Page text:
If you look at the streets of New York right now, you’ll see that the world has stopped. Places like The Big Apple that used to be packed, now look abandoned due to the COVID-19 pandemic. It’s all due to the disease control and prevention measurements that are even introducing lockdowns to slow the spread of the coronavirus.
According to the latest statistics, there are 678,210 COVID-19 cases in the United States by 17th April. Experts claim that these numbers will rise, and this type of uncertainty that comes along with the virus will continue to linger for some time. Nobody knows when the coronavirus pandemic will come to an end.
The consequences may be significant, taking into consideration the collapse of the economy and the psychological impact on the vulnerable groups of people. Mental health gets attention nowadays since some people feel insurmountable pressure due to the stay at home order that prevails in most countries. Nevertheless, it has to be noted that these orders by the centres for disease control and prevention (CDC) aim to protect public health.
What Can We All Learn from the COVID-19 Pandemic?
On a more positive note, it’s not all bad when it comes to the changes that coronavirus abruptly introduced to the world. Now, we finally have some time for ourselves!
Besides, the long-awaited digital transformation came quicker than we ever expected. Working from home has become the new standard for all those employees that have a chance to do so. Most companies are relying on video calls to prevent face to face contact.
Since we’re being pushed into digital transformation, companies are facing issues that they’ve never considered before. They are seeing the significance of remote work, that in times of COVID-19 is keeping their company alive. Nevertheless, they might not be prepared for going fully remote and managing a remote team. For companies that don’t have any remote team management experience, it might be a challenge to juggle with the newly formed virtual teams from different time zones.
The silver lining is that companies that have been pushed into remote work, can learn from those that have already been managing remote employees. On the other hand, companies that have beforehand noted the importance and value of remote work maybe dealing with remote team members who are stressed and defocused throughout the pandemic. So, they will need a refresh to motivate every remote worker to do their best in times of despair, such as these.
For that purpose, below, you can find some insights concerning work with a distributed team while keeping your employees motivated and focused.
Why Do Remote Teams Lack Motivation During the Coronavirus Pandemic?
A survey by HBR shows that remote teams tend to be less motivated than those working from an office. The motivation was the lowest in those that had no choice concerning their job. Below you can have a visual of percentage and numbers within the survey.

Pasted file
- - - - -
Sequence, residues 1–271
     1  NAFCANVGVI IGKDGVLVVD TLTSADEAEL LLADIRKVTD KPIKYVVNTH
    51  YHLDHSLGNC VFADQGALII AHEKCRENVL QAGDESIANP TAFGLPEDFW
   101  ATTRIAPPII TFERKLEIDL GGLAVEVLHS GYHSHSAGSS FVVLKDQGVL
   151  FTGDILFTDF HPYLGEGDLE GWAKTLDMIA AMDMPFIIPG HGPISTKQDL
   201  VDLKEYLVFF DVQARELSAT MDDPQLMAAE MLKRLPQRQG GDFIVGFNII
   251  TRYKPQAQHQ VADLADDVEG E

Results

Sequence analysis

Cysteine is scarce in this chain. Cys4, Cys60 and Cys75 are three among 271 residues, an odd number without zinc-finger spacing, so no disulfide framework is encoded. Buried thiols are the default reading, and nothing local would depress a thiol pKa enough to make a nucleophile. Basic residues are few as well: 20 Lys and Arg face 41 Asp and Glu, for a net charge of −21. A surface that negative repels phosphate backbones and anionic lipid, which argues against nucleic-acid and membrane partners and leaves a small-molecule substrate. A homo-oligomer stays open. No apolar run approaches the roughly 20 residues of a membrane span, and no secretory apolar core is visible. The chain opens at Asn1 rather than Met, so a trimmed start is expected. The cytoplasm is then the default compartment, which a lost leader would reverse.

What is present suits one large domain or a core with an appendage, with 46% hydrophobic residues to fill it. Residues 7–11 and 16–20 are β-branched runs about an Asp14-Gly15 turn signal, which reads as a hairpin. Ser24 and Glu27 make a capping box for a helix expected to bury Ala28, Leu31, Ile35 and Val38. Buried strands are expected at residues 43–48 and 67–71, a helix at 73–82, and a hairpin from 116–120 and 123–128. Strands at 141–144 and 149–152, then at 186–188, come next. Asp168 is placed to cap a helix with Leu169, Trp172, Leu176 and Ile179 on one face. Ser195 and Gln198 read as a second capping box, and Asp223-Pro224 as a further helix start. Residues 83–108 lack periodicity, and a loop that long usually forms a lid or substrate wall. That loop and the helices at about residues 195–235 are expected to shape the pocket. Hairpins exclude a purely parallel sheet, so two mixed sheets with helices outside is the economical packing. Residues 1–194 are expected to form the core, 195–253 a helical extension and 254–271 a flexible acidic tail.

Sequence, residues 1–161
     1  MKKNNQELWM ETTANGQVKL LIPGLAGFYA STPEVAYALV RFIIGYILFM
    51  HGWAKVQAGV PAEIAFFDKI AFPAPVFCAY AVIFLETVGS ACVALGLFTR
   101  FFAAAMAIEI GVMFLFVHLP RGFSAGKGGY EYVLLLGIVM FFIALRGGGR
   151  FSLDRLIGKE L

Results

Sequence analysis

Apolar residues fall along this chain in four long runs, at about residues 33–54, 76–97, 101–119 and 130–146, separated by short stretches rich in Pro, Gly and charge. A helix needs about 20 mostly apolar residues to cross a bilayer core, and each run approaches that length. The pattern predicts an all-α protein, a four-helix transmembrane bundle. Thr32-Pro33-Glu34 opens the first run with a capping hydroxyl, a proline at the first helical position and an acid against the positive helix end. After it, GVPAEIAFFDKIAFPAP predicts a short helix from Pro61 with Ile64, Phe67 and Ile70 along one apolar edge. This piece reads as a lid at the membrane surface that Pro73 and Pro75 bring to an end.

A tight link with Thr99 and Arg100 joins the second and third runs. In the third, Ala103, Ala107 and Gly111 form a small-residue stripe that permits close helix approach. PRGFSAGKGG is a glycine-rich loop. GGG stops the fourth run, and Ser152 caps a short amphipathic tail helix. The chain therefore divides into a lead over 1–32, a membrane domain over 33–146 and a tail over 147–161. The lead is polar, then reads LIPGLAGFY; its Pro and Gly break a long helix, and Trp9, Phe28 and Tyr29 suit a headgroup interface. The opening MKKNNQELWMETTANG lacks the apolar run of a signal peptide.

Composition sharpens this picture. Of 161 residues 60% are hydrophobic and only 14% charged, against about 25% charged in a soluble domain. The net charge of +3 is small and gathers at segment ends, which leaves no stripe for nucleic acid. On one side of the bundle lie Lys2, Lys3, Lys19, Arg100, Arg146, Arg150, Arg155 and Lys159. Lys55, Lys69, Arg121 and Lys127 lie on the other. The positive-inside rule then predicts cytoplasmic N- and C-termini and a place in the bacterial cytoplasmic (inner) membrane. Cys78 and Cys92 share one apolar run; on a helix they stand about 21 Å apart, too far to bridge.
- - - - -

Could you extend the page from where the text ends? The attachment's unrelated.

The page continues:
As mentioned above, remote employees during COVID-19 tend to struggle with anxiety or similar mental health issues that are meddling with their motivation to work. They also might feel an increasing emotional pressure due to the strict regulations by the centres for disease control within their country. So, even though team management doesn’t come with a definite guide for emergency times like this, managers have to be creative.
Engaging and Motivating the Remote Team is the Management’s Job
When your employees are under pressure, you shouldn’t add fuel to the fire. Make sure you set clear limits and expectations, while also doing your best not to micromanage them. Daily communication is essential so that you can inspire your remote teams to be productive.
If the work they are doing isn’t engaging and interesting enough, show them the contribution of their work. Sometimes, employees can be more motivated when they have a clear goal in mind, working for a particular cause. For instance, let’s imagine that you have a remote tech team and you’re building a software platform. If you clearly state the benefits that other people would get once the software is ready, you’ll increase the motivation in your team.
Even though your remote team may consist of many members, make sure they are all individually contacted, and you have a video call with each one of them at least once a week. This way, you can adequately express the feedback, and each employee will feel appreciated for the work they’re doing. Don’t leave out conference calls as well since the basis of proper work lies in team working.
It’s essential to take into consideration personal issues in times like this because they could be silently affecting your employees and the work they’re doing. If you see that some of your employees aren't performing at their best, pay more attention to the person. You can always support them or even involve some additional online mental health counselling with a professional after their working hours.
Be the Example Remote Employees Would Look up To
What has to be emphasised is that employees will almost always see an example of how things should be done in their manager. Therefore, it’s the manager’s job to set a good example. Trying to be positive and productive during COVID-19, will have a threefold benefit once the crisis is over. Make sure you communicate this message to your remote team so that they know that their work and productivity is valued and vital.